Holyrood finance secretary 'open to compromise' over Budget
Derek Mackay is facing a crunch vote on his Scottish Budget proposals on Thursday.
Scotland's finance secretary has said he is "open to compromise" as he tries to strike a deal to allow his tax and spending plans for the next year to pass at Holyrood.
Derek Mackay is facing a crunch vote on his Scottish Budget proposals, with all the opposition parties having previously indicated they cannot support the package.
Labour have urged the other parties to join with them and "vote down" what they branded a "cuts budget".
Mr Mackay said the "ongoing uncertainty" caused by Brexit meant "there has never been more need for MSPs, of all parties, to act responsibly and not add to that uncertainty".
With the SNP not having a majority in the Scottish Parliament, the finance secretary has to convince at least one of the four rival parties there to back him.
Speaking ahead of Thursday's crunch Holyrood vote, Mr Mackay said: "Our spending plans for the coming year contain additional money for schools and hospitals, protecting vital public services and investing in our economy, while also providing stability amid the ongoing uncertainty caused by Brexit.
"With that backdrop in mind, there has never been more need for MSPs, of all parties, to act responsibly and not add to that uncertainty.
"So I urge all MSPs to unite behind the 2019-20 Scottish budget - that is what people the length and breadth of Scotland expect."
'Our spending plans for the coming year contain additional money for schools and hospitals, protecting vital public services and investing in our economy, while also providing stability amid the ongoing uncertainty caused by Brexit - with that backdrop in mind, there has never been more need for MSPs, of all parties, to act responsibly and not add to that uncertainty.'Derek Mackay, Scotland's finance secretary
The Finance Secretary insisted the Scottish Government was "investing in essential public services, particularly the NHS" at the same time as ensuring 55% of income taxpayers in Scotland pay less than they would if they were living elsewhere in the UK.
"Taken together with the personal allowance, 99% of taxpayers will pay less income tax next year on the same income," Mr Mackay added.
He stressed: "Since introducing the Budget Bill, I have sought to engage with all parties in order to secure support for our spending plans.
"We are open to compromise in order to ensure we deliver the budget that the country expects and I am confident others will approach things in the same spirit."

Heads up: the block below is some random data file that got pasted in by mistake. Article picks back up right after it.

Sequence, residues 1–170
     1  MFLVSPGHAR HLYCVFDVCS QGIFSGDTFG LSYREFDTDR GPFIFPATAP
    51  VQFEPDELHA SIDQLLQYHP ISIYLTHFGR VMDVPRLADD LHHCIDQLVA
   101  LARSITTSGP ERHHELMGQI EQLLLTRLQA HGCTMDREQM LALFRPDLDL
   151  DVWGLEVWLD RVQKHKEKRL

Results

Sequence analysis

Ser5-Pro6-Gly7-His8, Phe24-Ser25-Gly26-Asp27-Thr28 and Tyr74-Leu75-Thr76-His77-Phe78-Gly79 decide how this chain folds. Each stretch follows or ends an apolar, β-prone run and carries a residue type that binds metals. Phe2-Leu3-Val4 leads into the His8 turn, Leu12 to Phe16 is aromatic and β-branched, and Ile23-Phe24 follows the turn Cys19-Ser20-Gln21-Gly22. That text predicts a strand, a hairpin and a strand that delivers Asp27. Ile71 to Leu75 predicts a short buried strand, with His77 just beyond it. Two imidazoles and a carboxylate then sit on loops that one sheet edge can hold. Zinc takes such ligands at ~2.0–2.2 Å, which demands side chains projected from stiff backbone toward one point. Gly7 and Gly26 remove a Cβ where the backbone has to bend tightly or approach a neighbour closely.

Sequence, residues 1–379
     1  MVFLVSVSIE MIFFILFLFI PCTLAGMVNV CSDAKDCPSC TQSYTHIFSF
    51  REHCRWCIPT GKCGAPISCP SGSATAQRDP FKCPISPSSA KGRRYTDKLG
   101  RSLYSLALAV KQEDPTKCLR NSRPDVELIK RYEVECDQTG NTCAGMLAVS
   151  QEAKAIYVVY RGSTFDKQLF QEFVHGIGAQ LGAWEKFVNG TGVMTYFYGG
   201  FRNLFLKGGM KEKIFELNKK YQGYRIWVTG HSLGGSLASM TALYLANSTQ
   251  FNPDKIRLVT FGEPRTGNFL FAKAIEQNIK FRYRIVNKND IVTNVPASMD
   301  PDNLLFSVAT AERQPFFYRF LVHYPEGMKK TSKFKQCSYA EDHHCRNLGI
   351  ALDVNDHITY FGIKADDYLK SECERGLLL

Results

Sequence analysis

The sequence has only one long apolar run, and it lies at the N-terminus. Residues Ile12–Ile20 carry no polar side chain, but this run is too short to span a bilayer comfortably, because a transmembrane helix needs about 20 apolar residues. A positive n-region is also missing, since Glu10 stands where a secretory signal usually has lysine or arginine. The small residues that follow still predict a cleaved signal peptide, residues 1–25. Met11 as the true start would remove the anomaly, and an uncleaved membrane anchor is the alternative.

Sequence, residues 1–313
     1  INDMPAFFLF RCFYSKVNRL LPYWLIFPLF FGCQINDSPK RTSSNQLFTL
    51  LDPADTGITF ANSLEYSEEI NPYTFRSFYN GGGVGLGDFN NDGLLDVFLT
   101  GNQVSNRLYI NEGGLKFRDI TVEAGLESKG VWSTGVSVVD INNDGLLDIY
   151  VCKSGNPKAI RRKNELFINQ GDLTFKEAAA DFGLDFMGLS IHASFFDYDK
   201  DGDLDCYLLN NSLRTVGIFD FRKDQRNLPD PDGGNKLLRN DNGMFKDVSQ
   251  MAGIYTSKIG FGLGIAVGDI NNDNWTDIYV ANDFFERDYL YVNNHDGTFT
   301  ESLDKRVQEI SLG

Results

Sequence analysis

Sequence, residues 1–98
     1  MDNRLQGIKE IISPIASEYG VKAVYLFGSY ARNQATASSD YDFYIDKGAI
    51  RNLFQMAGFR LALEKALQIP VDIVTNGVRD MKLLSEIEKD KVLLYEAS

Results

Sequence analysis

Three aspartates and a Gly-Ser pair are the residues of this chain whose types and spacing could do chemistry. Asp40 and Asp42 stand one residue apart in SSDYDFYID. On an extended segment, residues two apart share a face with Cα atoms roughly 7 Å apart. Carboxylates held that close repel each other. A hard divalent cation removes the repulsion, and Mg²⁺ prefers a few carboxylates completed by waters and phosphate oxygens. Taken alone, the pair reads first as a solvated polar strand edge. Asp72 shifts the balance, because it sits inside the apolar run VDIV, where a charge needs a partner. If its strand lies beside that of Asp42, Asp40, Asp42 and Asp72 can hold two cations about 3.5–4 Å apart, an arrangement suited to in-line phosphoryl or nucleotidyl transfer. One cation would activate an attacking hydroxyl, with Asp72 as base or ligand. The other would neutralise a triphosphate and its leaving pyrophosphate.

The Scottish Greens, who supported his budget in the previous two years, said at the weekend they could not do so this time round without changes being made, claiming the current proposals were too "damaging" for local services.
Patrick Harvie, Scottish Green co-convener, later indicated he could still do a deal if Mr Mackay was "willing to give ground".
He tweeted: "It's disappointing that we still don't have a fair compromise from the Government.
"But if @DerekMackaySNP is still willing to give ground, we are still focused on achieving what's needed for Scotland's local services, the people who deliver them and those who rely on them."
Labour Holyrood finance spokesman James Kelly said the budget needs major alterations. He said: "Derek Mackay has produced a cuts budget - £319m worth of cuts in funding for local government and cuts in tax for high earners.
"No credible anti-austerity party would ever propose it and all credible anti-austerity parties should vote against it. "The budget needs a fundamental rewrite, not more tinkering around the edges.
"That's why opposition parties should vote down the budget and tell Derek Mackay to come up with a better plan, like a 50p top rate of tax so that the richest pay their fair share." The tax and spending package currently before MSPs includes an additional £730m investment in health services in Scotland and £180m aimed at boosting attainment in schools.
It also outlines #5 billion of capital investment, including £1.7bn spending on transport infrastructure and a #50 million town centre fund to support struggling high streets.
Meanwhile, tax changes proposed in the budget will increase differences between Scotland and the rest of the UK. From April, taxpayers south of the border will only pay income tax at the 40p rate if they earn more than £50,000 a year - while in Scotland it is proposed people will pay the higher rate of 41p on earnings above £43,430.